Adam Levy is on now, and his hat is bigger than his guitar (that’s just barely a hyperbole) and he starts off right away with audience participation. This room forms a kind of top-heavy upper-case “L” and he’s got the bottom of the letter singing one part and the top singing another.

We are fairly good singers, the lot of us, or maybe it’s the Sociable Ciders (I got two at the same time when I got here because the bar line was so long) that are pleasantly tricking my ears. Either way, we all sound good together, in this moment.

Adam says, “Okay now I’ll give you all a friendly nod when it’s time for your part.”

And he sings his song. It’s lovely and folksy and cute, but we never get so much as a flick of the neck. Bits of the audience venture in tentatively, but no full-crowd singalong arises. I am, as they say, disappoint.

Adam Levy // Photo by Sara Fish

Three songs go by, I think, and I am lost in it. Everyone is seated cross-legged and there is little movement in the audience. I crouch and sway, hugging my knees. I want to dance but the vibes in the room, comfortable though they are, are constraining. My ears perk when Adam sings this:

If you only have a hammer all your problems are nails
If you can’t find joy all your playgrounds are jails

Woah. That’s a hard line to lift.

Soon, Adam opens it up. He lost his son, Daniel, a few years back. Suicide. He was young. He was an artist. Adam sells his son’s art now, at shows, so he doesn’t fade. Art can do that, it can elongate, extend, remind, immortalize.

“Here is a song about the last place my son’s mother remembers him smiling. There were not a lot of smiles that last year. It was dark.”

Adam Levy // Photo by Sara FIsh

This song is called Naubinway. It hurts us to hear it, but we must listen. It is not often that one sits in such a clear pool of sadness as an audience member. I can see all the way down to the bottom. Adam lets us swim with him. It’s saltwater— it stings our cuts, but we come out feeling cleaner, exfoliated, more buoyant.

Levy ends us on a higher, happier note, once again starting a singalong that he forgets to cue. Applause, bar line, cigarette.

(About the cig: there’s a balcony (!) that I just noticed and we have a nice little view of downtown out here. I bum a lighter from a Brit who’s here on vacation [Sofar is of Londonite origins and he’d been going to these events back home for many years] and he thinks everything I say is ‘TREMENDOUS’ and we both agree that the music tonight is lovely and that Trump is just about the exact opposite of that and that gee, the weather sure is agreeable…)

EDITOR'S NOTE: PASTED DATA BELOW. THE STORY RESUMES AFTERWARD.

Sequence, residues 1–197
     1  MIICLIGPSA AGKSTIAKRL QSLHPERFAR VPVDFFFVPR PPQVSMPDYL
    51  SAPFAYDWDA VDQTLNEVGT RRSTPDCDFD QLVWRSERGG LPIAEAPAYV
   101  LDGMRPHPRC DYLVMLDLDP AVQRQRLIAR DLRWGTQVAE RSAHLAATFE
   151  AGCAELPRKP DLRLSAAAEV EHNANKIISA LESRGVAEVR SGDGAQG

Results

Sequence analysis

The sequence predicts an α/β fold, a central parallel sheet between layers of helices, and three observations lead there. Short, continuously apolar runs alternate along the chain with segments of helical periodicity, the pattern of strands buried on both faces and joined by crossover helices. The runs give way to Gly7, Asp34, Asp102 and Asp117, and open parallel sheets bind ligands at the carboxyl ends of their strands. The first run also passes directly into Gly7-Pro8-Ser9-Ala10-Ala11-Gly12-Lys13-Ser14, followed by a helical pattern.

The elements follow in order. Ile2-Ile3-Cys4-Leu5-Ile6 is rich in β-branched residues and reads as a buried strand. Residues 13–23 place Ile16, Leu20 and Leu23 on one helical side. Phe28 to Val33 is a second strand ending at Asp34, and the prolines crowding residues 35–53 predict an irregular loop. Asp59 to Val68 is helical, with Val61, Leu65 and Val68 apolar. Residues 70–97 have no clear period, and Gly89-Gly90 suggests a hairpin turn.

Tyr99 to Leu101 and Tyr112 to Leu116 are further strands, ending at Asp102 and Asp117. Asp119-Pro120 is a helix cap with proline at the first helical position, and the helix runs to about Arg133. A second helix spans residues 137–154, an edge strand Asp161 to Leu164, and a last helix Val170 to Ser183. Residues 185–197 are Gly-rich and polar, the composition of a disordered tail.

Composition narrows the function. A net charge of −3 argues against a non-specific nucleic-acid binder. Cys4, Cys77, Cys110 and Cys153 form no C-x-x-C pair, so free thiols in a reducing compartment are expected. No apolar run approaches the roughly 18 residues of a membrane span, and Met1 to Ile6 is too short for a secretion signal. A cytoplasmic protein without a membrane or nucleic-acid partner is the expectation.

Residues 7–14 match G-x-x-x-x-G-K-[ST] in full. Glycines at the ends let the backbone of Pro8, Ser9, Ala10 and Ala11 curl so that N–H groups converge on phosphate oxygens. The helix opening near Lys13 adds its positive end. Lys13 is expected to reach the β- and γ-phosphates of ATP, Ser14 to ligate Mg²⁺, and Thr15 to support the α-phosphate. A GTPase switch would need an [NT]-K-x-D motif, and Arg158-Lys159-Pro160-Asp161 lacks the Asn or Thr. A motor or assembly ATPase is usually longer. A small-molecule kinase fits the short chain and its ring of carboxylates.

Drug Budget Sofar Sounds Minneapolis
Drug Budget // Photo by Sara Fish

Okay, it’s the Drug Budget now. This is the evening’s first full band. We’ve got: vox, one acoustic guitar and one electric, electric bass, backing vox, saxophone (tenor,) and drums. These guys have energy – too much for the room. I really need to dance now, but everyone is still sitting down. The lead singer cannot fucking sing, he shouts, the saxophonist has a bell mic but doesn’t really need one. This band is LOUD.

I’m spinning. Mid-set the lead singer gets down on the floor, lies prone facing the audience, hikes his feet up on the kick drum, and does twelve pushups. If this were any other show, I’d probably shout a hearty “WHAT THE FUCK” and chug whatever I had left in my can, but the vibes in here don’t match so I just give the dude sitting next to me a little nudge and a wink. He looks at me like I just pissed on the floor and told him to clean it up. The energy in this room has changed shape on me: what once was a comfortable gathering of mellow chill-heads has turned into a sea of scaredy mouth breathers with a whole collection of left feet. Oh people, please, let’s move!

I hold my knees and sway.

Drug Budget // Photo by Sara Fish
Drug Budget // Photo by Sara Fish

The Drug Budget does a set. It’s fun, dirty, rarely in key. It’s over. I’m drunk.

I’m in a cab now riding home but I’ll leave you with this: I can’t promise you a Sofar Sounds event will make sense, but I can promise you it will be the most fun you’ve had all week. Also, you’ll 100{a43c2147d37bcf8b898f59ebaaf066dc60bd9fbfc7430ae40ed3f9adbaab469e} meet a British dude. Pretty sure that’s contractually obligated.

Written by Harley Patton

Writer and reader in Minneapolis, Minnesota